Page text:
Your age divided by 2 = number of reps?

Discussion in 'Training Forum' started by master.on, Aug 8, 2016.

  1. master.on

    master.on Member

    20 y.o. = 10 reps
    30 yo = 15 reps
    40 yo = 20 reps
    Any truth to this bro-science?
     
  2. Melly Mel from hell

    Melly Mel from hell Member AnabolicLab.com Supporter

    Jesus I hope not. I'm 52 and I hate high rep sets.
     
  3. Leancuisine

    Leancuisine Member

    Haha....
    Why!?
    In my opinion there is never a reason to go past 12,reps. Unless you are trying to max rep something.
    Lifting heavy is all around better for any fitness goal.
     
  4. oldmusclemike

    oldmusclemike Member

    bump
     
  5. oldmusclemike

    oldmusclemike Member

    OP there is no truth to the age rep thing.
    As far as more than 12 reps there are many good reasons. It depends on what your goal is at the time of your routine. For maintenance low reps 6-8 mixed with high reps 12-15-18 is useful to keep mass hard and to become more vascular when dieting for a show.

    During diet we get weaker and it is hard to do continuous heavy sets. As people with injuries might have to do a routine with lighter weight and high reps in order to keep up and not loose so much during recovery.

    Myself at my age I have figured out by experience that I have to do more high rep sets with very few lower 6-8 type reps to failure. You can maintain quite a bit of your mass for a while by reaching failure at high reps. This as long as you get to failure.

    The point to the low reps is to build mass. A routine doing 6-8 reps to complete failure on every set after warm up will be all overload to create a breakdown and rebuild cycle. Hence more mass.

    Getting ready for a show or maybe leaning out for the summer beach going, well you have reached the point of mass growth for temp satisfaction or a show and now it's time to do a little higher reps due to our dieting and wanting to keep what size we have at that point.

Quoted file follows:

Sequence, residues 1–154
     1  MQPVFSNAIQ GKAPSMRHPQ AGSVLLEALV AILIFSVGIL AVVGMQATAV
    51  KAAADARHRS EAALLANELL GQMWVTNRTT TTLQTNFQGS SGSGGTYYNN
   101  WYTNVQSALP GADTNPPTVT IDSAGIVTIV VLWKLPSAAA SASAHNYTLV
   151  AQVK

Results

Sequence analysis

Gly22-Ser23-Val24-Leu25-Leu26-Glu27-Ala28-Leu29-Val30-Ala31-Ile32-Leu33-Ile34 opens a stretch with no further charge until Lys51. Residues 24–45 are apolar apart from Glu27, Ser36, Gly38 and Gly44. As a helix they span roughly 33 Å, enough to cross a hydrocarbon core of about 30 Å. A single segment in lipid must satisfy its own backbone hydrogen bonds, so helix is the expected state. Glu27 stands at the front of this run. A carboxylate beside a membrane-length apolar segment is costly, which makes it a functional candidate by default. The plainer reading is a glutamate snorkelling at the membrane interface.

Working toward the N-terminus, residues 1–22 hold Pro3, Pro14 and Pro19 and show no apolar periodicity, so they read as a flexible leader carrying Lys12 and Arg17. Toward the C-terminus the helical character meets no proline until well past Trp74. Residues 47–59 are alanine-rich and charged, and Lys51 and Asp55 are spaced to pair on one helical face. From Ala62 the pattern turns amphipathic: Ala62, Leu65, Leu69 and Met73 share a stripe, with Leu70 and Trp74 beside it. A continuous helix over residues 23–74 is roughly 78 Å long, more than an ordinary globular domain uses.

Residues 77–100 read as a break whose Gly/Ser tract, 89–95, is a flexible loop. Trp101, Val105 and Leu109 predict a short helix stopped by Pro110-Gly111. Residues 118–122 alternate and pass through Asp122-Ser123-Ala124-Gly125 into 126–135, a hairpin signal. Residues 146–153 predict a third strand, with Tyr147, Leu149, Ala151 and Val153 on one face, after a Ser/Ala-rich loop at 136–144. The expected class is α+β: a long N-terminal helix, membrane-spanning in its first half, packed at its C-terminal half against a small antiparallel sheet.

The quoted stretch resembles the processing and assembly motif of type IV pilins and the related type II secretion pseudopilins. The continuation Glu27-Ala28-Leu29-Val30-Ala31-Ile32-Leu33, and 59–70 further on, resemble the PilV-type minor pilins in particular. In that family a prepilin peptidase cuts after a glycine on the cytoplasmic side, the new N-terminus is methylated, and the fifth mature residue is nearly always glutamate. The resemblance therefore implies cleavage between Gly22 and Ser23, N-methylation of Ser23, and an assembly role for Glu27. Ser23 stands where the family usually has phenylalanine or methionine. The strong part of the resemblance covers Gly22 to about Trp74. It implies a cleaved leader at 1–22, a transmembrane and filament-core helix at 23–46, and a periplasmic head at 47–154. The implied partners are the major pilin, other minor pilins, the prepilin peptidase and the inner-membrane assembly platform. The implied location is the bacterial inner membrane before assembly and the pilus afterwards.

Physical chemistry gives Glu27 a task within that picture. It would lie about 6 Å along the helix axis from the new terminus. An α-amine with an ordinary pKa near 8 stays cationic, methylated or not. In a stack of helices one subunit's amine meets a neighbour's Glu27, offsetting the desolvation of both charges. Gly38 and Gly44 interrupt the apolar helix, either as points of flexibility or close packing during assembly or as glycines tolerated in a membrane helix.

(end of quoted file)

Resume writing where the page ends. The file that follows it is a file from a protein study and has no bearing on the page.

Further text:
6. Leancuisine

    Leancuisine Member

    I've been 183lbs and deadlifted 495 lifting no more than 10 reps on lifts, except for pullups
    I'm 230 now and probably can't even deadlift that due to injuries.
    Lifting bigger weight does not equate to bigger muscles.
    Lifting lighter weight more does not equate to densit or vascularity.

    Both are achieved through nutrition. Or at least in my experience.
     
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  7. ickyrica

    ickyrica Member AnabolicLab.com Supporter

    The word nutrition is about the biggest factor in all of this, aside from consistently training imo

     
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  8. Xlgx

    Xlgx Member

    If you train DC and do rest pause it makes sense :)
     
  9. RodgerThat

    RodgerThat Member

    Shit man we have the same 183 record! Basically brothers
     
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  10. Docd187123

    Docd187123 Member

    There's a lot of misinformation here

    Correct

    No there aren't many good reasons. About the only good reason is muscular endurance but that neither helps build muscle mass nor does it help maintain muscle mass which are the goals for most ppl here. If you're into crossfit or other endurance type activities then sure going above 12reps can be useful but that's not for he majority. Doing a burnout set of 12+ reps now and then can be beneficial but those aren't something to be done regularly either.

    6-8reps is not low reps. Furthermore, high reps don't do much to help preserve muscle mass. Cutting training volume while working in the 1-5reo range, so as a high intensity can be maintained, is what best reserves muscle mass training wise.

    That's why as you diet you cut training volume NOT intensity.

    Training to failure is not conducive to preserving muscle in a cut. It can actually have a detrimental effect.

    Misleading. Low reps, 1-3reps, can help build a little muscle mass but they're primary benefit is neuromuscular. They're best for strength gains.
     
    Last edited: Aug 9, 2016
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  11. oldmusclemike

    oldmusclemike Member

    Before I go into all this shit you have spewed here I would politely like ask you how old you are , how long you have been training and been involved in the use of AAS. How many shows have you done.